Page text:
Researchers in the fields of materials science and microelectronics are looking for sustainable ways to meet the world’s demand for computer power. This can be achieved by developing microelectronics that operate at much lower voltages and require less energy. Hence, thin-film alternatives to electronic components are much needed.
A group of researchers from Berkeley Lab and UC Berkeley have now discovered one energy-efficient method, which involves creating a thin-layer version of a well-known material with the precise qualities required for next-generation devices.
Barium titanate (BaTiO3), which was first discovered more than 80 years ago, is used in a variety of capacitors for electronic circuits, ultrasonic generators, transducers, and even sonar. The scientists found a means to make BaTiO3 films that are only 25 nanometers thick, or less than a thousandth of the breadth of a human hair. Their polarisation, or the orientation of charged atoms, shifts as swiftly and effectively as in the bulk form.
“We’ve known about BaTiO3 for the better part of a century and we’ve known how to make thin films of this material for over 40 years. But until now, nobody could make a film that could get close to the structure or performance that could be achieved in bulk,” said Lane Martin, a faculty scientist in the Materials Sciences Division (MSD) at Berkeley Lab and professor of materials science and engineering at UC Berkeley who led the work.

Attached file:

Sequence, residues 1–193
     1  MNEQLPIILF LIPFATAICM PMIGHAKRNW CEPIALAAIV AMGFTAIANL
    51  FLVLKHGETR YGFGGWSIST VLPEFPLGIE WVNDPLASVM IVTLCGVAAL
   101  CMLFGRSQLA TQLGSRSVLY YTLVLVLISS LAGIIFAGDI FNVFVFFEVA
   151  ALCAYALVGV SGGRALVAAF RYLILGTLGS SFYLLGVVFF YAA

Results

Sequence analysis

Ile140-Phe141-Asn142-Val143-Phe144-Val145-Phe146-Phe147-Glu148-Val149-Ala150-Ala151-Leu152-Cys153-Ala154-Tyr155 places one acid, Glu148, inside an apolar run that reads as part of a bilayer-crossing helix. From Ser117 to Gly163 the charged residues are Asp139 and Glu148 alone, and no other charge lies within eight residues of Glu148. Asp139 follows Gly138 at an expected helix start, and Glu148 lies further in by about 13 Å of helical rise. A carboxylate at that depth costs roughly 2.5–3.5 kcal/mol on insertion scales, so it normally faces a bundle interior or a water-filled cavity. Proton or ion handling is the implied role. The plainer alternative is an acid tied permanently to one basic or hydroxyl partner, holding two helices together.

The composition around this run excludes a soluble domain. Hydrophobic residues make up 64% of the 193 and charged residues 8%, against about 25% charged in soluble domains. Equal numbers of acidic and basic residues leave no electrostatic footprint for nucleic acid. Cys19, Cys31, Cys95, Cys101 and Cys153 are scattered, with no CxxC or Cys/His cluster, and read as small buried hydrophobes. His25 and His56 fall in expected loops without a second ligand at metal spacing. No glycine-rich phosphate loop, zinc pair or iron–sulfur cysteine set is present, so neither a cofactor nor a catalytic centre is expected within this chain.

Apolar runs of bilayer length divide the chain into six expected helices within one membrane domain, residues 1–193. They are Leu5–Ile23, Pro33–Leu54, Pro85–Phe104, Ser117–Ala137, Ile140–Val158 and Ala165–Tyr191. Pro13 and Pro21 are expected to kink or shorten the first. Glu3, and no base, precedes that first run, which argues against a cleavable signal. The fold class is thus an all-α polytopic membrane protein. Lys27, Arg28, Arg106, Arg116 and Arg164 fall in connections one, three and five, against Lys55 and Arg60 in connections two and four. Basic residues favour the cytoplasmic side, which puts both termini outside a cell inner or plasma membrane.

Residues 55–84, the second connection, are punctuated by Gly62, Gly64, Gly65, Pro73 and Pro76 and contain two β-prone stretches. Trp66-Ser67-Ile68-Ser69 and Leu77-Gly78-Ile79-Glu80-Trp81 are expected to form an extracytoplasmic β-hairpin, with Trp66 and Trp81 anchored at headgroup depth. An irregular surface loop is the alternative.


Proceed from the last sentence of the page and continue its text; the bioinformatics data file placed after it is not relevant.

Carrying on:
The researchers used a method known as pulsed-laser deposition to better understand what it takes to create the best, low-defect BaTiO3 thin films. BaTiO3 is a ceramic substance that transforms into a plasma when an intense ultraviolet laser beam is directed at it. The plasma then transmits atoms from the target onto a surface to create the film. “It’s a versatile tool where we can tweak a lot of knobs in the film’s growth and see which are most important for controlling the properties,” said Martin.
The researchers discovered a version that closely reproduced a very narrow slice of the bulk by slicing each deposited sample in half and analysing its structure atom by atom. Finally, Martin and his team produced small capacitors by sandwiching a film of BaTiO3 between two metal layers.